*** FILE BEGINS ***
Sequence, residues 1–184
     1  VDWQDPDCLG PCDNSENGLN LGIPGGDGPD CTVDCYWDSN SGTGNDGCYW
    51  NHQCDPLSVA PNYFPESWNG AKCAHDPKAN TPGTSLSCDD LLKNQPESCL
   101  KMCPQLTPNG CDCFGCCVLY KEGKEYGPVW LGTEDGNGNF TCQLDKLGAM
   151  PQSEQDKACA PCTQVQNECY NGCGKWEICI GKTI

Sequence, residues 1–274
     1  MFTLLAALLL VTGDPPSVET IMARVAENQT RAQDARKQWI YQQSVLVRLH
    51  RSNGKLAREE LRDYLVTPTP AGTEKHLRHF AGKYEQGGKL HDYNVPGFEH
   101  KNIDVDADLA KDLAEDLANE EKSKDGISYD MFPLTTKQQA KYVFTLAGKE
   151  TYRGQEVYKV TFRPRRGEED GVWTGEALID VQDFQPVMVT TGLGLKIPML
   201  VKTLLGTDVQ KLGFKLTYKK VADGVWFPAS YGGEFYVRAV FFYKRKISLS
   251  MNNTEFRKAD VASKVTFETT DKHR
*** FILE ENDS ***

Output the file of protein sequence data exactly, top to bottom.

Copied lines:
Sequence, residues 1–184
     1  VDWQDPDCLG PCDNSENGLN LGIPGGDGPD CTVDCYWDSN SGTGNDGCYW
    51  NHQCDPLSVA PNYFPESWNG AKCAHDPKAN TPGTSLSCDD LLKNQPESCL
   101  KMCPQLTPNG CDCFGCCVLY KEGKEYGPVW LGTEDGNGNF TCQLDKLGAM
   151  PQSEQDKACA PCTQVQNECY NGCGKWEICI GKTI

Sequence, residues 1–274
     1  MFTLLAALLL VTGDPPSVET IMARVAENQT RAQDARKQWI YQQSVLVRLH
    51  RSNGKLAREE LRDYLVTPTP AGTEKHLRHF AGKYEQGGKL HDYNVPGFEH
   101  KNIDVDADLA KDLAEDLANE EKSKDGISYD MFPLTTKQQA KYVFTLAGKE
   151  TYRGQEVYKV TFRPRRGEED GVWTGEALID VQDFQPVMVT TGLGLKIPML
   201  VKTLLGTDVQ KLGFKLTYKK VADGVWFPAS YGGEFYVRAV FFYKRKISLS
   251  MNNTEFRKAD VASKVTFETT DKHR